s advertising loses its impact, brands are looking for new ways to win people over. The latest effort has been to publish stories that look and feel journalistic. The key strategy being to hide the commercial imperative, and even the brand altogether, so that readers think they’re consuming a familiar newspaper or magazine. This isn’t a long game. Hiding your true colours is never wise, and it’s also misleading to use a totally different set of qualities – good stories – to sell a product that has nothing to do with these qualities. Hiring a top filmmaker won’t improve the quality of your energy drink. Branded content complicates an already complex world driven by hidden agendas. And what about the stories no one wants to hear, stories incapable of selling something? People are more likely to follow a delirious brand instead of connecting with real people and real-world problems. Instead of hide, what businesses should do is debrand. Put the product first, not the brand. Strip away all sense of backstory, and improve a product’s intrinsic qualities. Become a producer of shoes again, not of surrogate spiritualities and imaginary worlds. Focus communication on the quality and origin of both the materials and labour involved. Offer space for distrusting consumers to breathe.


In our debranded future, prices will reflect real value, not the conceptual value that branding magically bestows. The focus will shift from branded products to branded places: stores and their owners who select and sell products they like – the real Uncle Bens and Aunt Jemimas. These places will eschew packaging and advertising and go back to traditional shopkeepers acting as advocates for their products. Instead of brands, real people and real voices will be the interface between products and consumers, who will buy less throwaway clones and spend more on a few quality essentials. This is in line with today’s networked society. Traditionally, branding is based on what differentiates a company from competitors. But in the internet age, consumers are increasingly comfortable with everything being interconnected. What distinguishes brands will become less important than what brings things and people together. The only way we can be truly subversive today, and trigger changes, is to buy less stuff. Innovative brands will stimulate and anticipate this new attitude by re-evaluating what’s in front of them. We don’t need more branding. We need fewer, better-quality products. Is debranding really the future? And will we ever really buy less stuff? Tweet your thoughts to @ComputerArts using #DesignMatters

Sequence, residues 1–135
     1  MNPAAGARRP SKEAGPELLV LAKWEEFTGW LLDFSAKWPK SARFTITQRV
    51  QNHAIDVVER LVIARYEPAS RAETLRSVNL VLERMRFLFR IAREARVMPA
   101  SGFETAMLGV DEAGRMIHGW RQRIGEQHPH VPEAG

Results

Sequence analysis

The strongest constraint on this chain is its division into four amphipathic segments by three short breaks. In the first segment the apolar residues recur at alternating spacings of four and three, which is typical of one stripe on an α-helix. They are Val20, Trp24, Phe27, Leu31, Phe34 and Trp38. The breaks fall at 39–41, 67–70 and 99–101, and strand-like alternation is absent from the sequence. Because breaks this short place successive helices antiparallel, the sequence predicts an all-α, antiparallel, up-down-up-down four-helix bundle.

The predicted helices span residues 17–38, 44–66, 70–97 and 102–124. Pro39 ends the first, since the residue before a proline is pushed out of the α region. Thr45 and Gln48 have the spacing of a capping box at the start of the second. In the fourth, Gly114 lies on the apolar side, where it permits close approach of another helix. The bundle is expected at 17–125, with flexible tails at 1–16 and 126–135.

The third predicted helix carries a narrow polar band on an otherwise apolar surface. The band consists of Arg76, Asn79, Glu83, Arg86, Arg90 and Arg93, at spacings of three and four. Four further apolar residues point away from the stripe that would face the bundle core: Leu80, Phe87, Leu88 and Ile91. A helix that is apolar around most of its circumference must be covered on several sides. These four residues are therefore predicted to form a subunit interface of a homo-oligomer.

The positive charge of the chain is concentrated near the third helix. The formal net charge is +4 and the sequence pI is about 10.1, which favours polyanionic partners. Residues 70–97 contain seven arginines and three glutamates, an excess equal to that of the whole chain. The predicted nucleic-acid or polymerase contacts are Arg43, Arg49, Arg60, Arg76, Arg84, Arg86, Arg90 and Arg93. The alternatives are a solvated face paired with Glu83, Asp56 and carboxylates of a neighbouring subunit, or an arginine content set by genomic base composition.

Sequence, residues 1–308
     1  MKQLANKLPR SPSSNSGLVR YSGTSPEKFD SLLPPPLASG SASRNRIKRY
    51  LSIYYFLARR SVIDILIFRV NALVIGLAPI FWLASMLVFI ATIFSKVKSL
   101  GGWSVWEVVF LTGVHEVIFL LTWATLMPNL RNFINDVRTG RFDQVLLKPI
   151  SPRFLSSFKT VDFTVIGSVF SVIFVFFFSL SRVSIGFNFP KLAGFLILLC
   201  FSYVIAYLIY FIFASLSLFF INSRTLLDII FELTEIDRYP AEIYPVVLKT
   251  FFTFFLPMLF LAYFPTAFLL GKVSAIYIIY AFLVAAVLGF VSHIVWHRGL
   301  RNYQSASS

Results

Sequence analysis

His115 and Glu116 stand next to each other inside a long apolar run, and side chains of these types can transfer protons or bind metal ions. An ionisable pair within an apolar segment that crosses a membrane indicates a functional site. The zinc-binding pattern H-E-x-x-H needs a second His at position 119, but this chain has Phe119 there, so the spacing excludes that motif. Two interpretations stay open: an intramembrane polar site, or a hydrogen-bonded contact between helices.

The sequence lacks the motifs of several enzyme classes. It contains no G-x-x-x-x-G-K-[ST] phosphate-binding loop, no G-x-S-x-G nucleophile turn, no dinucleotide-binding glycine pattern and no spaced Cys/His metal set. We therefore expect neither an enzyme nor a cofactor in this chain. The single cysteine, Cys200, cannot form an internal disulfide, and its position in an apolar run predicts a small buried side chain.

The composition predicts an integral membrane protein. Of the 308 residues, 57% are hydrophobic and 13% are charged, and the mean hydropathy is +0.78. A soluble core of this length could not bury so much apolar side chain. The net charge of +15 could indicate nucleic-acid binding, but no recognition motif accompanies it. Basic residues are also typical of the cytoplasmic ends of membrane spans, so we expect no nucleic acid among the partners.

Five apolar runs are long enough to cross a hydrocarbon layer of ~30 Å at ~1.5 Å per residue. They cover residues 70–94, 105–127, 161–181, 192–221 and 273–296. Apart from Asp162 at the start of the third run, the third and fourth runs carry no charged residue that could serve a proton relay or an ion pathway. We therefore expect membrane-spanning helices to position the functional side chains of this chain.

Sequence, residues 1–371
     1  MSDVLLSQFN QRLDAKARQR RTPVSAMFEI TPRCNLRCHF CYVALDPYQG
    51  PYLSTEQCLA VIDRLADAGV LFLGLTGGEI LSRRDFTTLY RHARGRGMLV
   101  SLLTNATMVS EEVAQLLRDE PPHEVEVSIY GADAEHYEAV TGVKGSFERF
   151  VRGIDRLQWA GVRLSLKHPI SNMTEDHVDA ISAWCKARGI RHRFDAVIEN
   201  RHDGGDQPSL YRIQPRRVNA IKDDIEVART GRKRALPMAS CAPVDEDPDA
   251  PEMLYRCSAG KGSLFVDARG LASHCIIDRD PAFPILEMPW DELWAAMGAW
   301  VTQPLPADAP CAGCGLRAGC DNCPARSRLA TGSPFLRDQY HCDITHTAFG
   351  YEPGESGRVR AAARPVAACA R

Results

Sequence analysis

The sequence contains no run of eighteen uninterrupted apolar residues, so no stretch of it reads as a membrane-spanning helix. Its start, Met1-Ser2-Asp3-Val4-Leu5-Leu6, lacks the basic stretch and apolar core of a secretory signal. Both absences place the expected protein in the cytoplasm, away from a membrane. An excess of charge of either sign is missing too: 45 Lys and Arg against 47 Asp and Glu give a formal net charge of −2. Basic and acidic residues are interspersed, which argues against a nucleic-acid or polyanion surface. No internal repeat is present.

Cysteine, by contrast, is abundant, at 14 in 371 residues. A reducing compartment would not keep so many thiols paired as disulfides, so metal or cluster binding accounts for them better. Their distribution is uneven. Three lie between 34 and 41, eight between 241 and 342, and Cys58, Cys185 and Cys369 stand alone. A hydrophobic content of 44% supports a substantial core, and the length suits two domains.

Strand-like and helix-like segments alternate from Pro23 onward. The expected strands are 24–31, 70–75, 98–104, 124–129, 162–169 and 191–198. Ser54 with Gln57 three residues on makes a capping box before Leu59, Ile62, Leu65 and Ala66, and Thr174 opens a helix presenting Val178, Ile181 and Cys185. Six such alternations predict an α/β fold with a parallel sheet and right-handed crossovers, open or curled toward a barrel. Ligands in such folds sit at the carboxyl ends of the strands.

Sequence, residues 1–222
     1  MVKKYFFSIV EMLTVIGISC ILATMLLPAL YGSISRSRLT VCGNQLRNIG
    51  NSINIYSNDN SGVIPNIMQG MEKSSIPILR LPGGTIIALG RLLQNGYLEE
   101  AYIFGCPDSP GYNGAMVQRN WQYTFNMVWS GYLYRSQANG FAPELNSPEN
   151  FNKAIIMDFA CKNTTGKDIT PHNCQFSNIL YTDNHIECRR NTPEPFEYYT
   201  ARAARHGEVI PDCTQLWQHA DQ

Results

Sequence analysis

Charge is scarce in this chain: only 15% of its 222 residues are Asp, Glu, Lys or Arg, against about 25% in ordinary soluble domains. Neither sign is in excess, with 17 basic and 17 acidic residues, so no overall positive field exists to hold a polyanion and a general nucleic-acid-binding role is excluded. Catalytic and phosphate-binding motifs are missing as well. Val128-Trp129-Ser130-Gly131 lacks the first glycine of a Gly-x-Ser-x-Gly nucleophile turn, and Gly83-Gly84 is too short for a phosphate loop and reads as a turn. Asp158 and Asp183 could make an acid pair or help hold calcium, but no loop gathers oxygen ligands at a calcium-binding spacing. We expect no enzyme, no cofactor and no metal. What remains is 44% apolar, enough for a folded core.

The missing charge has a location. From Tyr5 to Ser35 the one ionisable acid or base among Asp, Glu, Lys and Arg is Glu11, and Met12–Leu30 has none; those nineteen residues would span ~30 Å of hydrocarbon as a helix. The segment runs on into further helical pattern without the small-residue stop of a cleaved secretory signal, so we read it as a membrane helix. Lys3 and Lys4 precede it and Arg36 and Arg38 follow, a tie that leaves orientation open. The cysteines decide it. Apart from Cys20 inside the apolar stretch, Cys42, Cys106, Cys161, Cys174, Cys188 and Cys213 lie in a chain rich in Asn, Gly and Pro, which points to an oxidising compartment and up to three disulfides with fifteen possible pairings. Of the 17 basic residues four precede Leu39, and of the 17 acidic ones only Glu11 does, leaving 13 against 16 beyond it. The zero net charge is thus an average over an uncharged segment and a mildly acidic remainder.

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“What was Disney’s 50th animated feature?”



september 2016


Focus on: Mastercard rebrand Our new regular slot continues with a critique of Pentagram’s evolution of the iconic Mastercard brand, from three differing perspectives... MiChael BieruT Partner, Pentagram

“As digital technology is a growing segment of Mastercard’s business, it needed an identity that would help position the brand as forwardthinking and people-centered, and could be used across every touchpoint. The new look builds upon Mastercard’s iconic interlocking circles, providing a crisper look that is more suited to digital applications. The use of an additive rather than subtractive colour mix for the overlapping circles – they now combine to make a brighter colour – makes the overall effect feel lighter, fresher and more optimistic.”

Danielle WilliaMs Co-founder and chief design officer, Cheers studios “It all comes back to circles. The logo and visual language work together to create a streamlined and cyclical brand image. Pentagram’s thoughtful decision to combine stroked and solid circles keeps the brand language cohesive, but with options for play. Elevating the colour palette to use pops of saturated colour on black and dark greys also helps to modernise Mastercard’s identity, especially for millennial audiences who are drawn to brands that blend clarity and personality.”